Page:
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Rather than using this or any other C library I want to implement my own chmod in C to change the file permission by code solely to learn what happens in the back-end when change the file permission. Any help will be appreciated.

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closed as off-topic by devnull, RAS, Piotr Chojnacki, Roman C, Gerhard Jul 15 '13 at 10:49

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2 Answers

... I want to implement my own chmod in C ... to learn what happens in the back-end ...

The C library encapsulates the system dependent parts of these functions.

If you want to know what is going on inside the C-library and beyond, you need to how your particular system is calling the kernel - for Linux x86, this is for example the INT 0x80 instruction. See for example https://en.wikipedia.org/wiki/System_call to get started.

To learn how each of the C functions is working internally, I suggest that you fetch the GNU C library sources and study them: See http://sourceware.org/git/?p=glibc.git

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thankyou! Indeed it is going to help! :) –  sadaf2605 Jul 15 '13 at 7:48
@sadaf2605 Good :-) Actually your question is quite open to be answered more concretely, but if you google for some of the keywords from my answer (like system call), you should get tons of material to go through ;) –  Andreas Jul 15 '13 at 7:50
Yes, @Andreas, I was also looking for keywords :) –  sadaf2605 Jul 15 '13 at 7:52
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Libc provides you with a cpu architecture independent way of doing system calls. What chmod or any other syscall does is move your function call arguments to the right registers or the right place on the stack plus a special value saying which system call is being called (for chmod on Linux this happens to be 90, MacOS - 15) and then use whatever instruction or sequence of instructions that are needed to make the kernel take over and execute the syscall. When the kernel returns back to userland, it has a way to pass back an error to the user. If the error wasn't 0, the libc syscall wrapper puts it into the global errno variable and returns indicating an error. On most syscalls the error return is -1, so that the libc programmer can be lazy and use the same wrapper for all syscalls instead of writing a specific one for each syscall (this is usually done through some kind of assembler generating macro or script).

If you want to dig deeper inside the kernel, it gets more complicated. The CPU, when seeing the syscall instruction, sets its context into kernel mode which includes changing the stack pointer and a bunch of other registers, and jumps to the previously set up code for handling syscalls (this is both cpu architecture and OS dependent). It usually starts with a generic syscall handler that checks if the syscall number is valid, moves the arguments from whatever place the cpu thought it would be nice to have them in into a place where the kernel thinks they should be and then looks up the function to call to handle this particular syscall and calls it. When that function returns it usually returns an error code for the generic syscall handler to translate back to the user.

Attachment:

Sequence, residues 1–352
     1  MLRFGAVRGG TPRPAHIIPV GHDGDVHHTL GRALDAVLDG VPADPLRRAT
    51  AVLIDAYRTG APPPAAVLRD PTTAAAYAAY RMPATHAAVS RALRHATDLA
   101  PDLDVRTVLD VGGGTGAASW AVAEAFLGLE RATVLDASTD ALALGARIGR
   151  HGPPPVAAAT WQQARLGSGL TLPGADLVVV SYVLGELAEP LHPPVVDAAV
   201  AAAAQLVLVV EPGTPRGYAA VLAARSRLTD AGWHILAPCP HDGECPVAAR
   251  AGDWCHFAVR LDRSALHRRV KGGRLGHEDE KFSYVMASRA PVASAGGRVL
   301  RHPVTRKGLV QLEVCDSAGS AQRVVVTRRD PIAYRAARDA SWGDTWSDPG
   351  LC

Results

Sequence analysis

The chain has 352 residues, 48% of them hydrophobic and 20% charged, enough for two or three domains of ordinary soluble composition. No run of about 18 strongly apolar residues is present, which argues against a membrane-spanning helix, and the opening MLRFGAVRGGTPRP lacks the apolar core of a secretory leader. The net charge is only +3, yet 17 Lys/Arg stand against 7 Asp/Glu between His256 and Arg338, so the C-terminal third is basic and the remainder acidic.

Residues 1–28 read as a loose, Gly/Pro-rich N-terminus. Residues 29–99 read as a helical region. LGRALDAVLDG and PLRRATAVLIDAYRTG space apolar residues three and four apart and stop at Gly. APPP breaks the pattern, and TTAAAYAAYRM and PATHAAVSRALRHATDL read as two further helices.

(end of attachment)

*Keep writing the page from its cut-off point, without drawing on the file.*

Deeper down. The particular function that implements the chmod system call first checks the arguments (that the mode is sane) and then does two things. First it calls a very complex function that translates the file name into an internal object that represents the file we're interested in (or rather, and object that's associated with the name of the file since chmod is a name-level operation and not a file level operation, long story). That object is called something different in different operating systems, common names are "inode" or "vnode". That object has some kind of structure attached to it with function pointers to lots of different operations that can be made on that object. This is done so that the kernel can support lots of different file systems. It's an object oriented approach. One of those functions is called setattr (even though operating systems are free to name things the way they want, setattr is commonly used because everyone steals from each other, also, the operation in NFS is called SETATTR). The chmod syscall function sets up arguments for setattr to tell it to change the permissions on the file calls the filesystem specific setattr, takes care of the error return and passes it back to the generic syscall handler.

(I could go deeper down into how the translation between a file name and a node object is done, but I won't. This topic is complex enough to fill a book.)

Deeper down. The filesystem specific setattr usually just changes an in-memory copy of the filesystem object from disk, marks it as dirty and puts it in a queue to be written out to disk later. If your filesystem enforces some kind of synchronous mode for attribute changes (this makes filesystems very, very slow), you poke the disk writer to write out your modified object to disk as soon as possible and wait for it to finish. Usually though, you just hope that whatever is writing to the disk will come around at some point and get your modified permissions written out. This is why you can lose filesystem changes when the system crashes or loses power. Notice that it doesn't matter if things got written out to disk or not since everyone who uses the filesystem is working through the same kernel and the same functions and the same in-memory copies of filesystem objects. This concludes the work of setattr which then returns an error code back to the chmod syscall handler.

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I can go into how the data goes to disk, but I doubt anyone will read all that babbling. –  Art Jul 15 '13 at 8:16
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